White Deadnettle: Elusive Identity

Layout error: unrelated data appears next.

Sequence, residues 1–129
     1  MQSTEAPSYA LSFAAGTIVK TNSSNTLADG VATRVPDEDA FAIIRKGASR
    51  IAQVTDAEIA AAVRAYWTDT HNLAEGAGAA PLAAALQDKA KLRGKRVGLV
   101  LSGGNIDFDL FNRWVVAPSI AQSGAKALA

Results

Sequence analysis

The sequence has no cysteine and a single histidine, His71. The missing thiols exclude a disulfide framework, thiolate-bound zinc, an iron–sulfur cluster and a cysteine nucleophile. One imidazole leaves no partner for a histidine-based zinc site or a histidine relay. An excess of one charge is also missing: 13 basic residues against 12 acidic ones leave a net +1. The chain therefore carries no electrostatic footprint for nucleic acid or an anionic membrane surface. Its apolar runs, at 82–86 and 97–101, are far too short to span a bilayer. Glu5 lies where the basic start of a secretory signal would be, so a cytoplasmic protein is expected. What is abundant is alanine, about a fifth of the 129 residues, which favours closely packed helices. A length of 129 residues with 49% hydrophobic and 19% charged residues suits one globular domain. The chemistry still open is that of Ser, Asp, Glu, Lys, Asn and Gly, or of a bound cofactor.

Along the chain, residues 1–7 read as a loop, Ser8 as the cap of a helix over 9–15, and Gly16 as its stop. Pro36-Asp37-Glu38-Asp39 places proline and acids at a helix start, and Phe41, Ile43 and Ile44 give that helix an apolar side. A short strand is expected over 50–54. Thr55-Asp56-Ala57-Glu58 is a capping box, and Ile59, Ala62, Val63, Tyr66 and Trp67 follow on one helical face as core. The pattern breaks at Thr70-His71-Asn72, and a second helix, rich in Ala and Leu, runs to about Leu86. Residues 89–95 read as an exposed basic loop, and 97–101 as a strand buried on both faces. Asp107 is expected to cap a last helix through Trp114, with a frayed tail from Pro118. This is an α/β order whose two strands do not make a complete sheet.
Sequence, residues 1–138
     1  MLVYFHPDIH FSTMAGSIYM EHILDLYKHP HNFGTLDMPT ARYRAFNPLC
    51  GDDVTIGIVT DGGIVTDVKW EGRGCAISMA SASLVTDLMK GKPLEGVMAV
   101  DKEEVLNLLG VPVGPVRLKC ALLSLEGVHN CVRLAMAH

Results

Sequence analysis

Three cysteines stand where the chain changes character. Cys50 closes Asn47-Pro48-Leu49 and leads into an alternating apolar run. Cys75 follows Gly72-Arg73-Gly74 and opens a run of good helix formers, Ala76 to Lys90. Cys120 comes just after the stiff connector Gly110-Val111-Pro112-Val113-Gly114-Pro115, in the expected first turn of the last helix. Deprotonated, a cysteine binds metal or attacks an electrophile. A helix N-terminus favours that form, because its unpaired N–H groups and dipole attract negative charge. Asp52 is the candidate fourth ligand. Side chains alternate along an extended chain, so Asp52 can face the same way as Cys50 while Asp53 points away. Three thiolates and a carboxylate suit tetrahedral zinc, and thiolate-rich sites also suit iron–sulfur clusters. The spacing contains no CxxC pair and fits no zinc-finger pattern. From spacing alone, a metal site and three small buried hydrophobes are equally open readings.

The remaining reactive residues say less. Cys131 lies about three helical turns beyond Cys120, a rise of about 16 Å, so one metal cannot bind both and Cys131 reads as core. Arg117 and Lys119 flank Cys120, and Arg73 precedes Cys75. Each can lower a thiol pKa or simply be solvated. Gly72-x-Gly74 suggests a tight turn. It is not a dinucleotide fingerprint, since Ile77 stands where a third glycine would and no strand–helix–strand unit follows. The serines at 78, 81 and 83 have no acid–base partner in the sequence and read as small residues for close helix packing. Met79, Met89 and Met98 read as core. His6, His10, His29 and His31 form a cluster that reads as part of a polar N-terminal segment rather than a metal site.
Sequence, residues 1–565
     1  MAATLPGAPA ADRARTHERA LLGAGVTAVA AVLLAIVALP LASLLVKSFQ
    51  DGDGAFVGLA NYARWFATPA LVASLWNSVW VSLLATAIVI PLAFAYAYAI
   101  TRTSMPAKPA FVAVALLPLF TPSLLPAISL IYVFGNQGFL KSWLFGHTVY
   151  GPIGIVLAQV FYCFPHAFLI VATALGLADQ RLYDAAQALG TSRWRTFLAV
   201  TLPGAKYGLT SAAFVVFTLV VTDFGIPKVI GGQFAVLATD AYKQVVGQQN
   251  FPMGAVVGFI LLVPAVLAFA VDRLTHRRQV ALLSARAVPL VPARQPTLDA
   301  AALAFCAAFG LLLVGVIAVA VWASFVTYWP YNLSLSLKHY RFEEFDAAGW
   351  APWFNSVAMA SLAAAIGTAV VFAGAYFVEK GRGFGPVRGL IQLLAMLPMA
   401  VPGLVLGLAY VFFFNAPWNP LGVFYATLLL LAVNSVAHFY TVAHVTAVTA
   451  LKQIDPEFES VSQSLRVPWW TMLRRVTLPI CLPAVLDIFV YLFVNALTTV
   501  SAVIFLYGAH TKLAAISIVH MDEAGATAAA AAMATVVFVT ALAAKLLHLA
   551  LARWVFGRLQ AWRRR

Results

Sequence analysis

The first difficulty is the usual one of which plant is Dioscorides’ lamium and does it correspond to Pliny or anyone else. There is an amount of dispute. Beck identifies Dioscorides’ ‘leukas’ (III 99) as deadnettle, but this is tentative, and comes with a question mark in the index against the Latin binomial. There is little description in Dioscorides’ text beyond that the one growing in mountains has wider leaves than the cultivated, is more potent and its fruit is more pungent, bitter and less tasty. Its actions are only against venoms of animals, topically or drunk. Mattioli suggests this text is obviously corrupt and several things are missing. Pliny speaks of lamium’ and, according to Dodoens of’anonium’ or ‘aononium’, which with salt will heal contusions and blows, burns and swollen glands, swellings, gout and wounds; and the white it has in its leaves will heal the sacred fires (St Anthony’s fire). The trouble is Dioscorides (IV 94) also has an entry called ‘galeopsis’, otherwise ‘galepsis’ or ‘galeobdolon’. Even the origin of the word is disputed. Mattioli criticises Fuchs’ suggestion that the name comes from galea, a helmet, saying that galea is a Latin word, not a Greek one, and the Greeks, ‘having no want of words’, would not compose names of plants from the Latin. (Grieve suggests galeopsis comes from gale meaning weasel and opsis, countenance, inspired from the flower). Galeopsis resembles the nettle, says Dioscorides, but it has smoother leaves which smell rather foul when ground, and its flowers are delicate and purple. It grows on fences, road edges and building lots. This galeopsis will dissolve indurations, tumours, scrofulous and other swellings of the glands and parotid tumours, applied twice daily with vinegar as a plaster, or the decoction as a rinse. It is applied with salt as a plaster for spreading ulcers, gangrenes and putrid humours. This could be interpreted as Pliny’s lamium, or at least a purple variety of it, broadly used for wounds and swollen glands, but may be an entirely different herb. Beck designates this plant brownwort Scrophularia peregrina. Most of our Renaissance authors include it among the deadnettles or call it stinking deadnettle, although some authors, according to Parkinson, do think it is a scrophularia. It is impossible to conclude the definitive identity of the plant, and confusion is inevitable. The plant does not appear in Galen.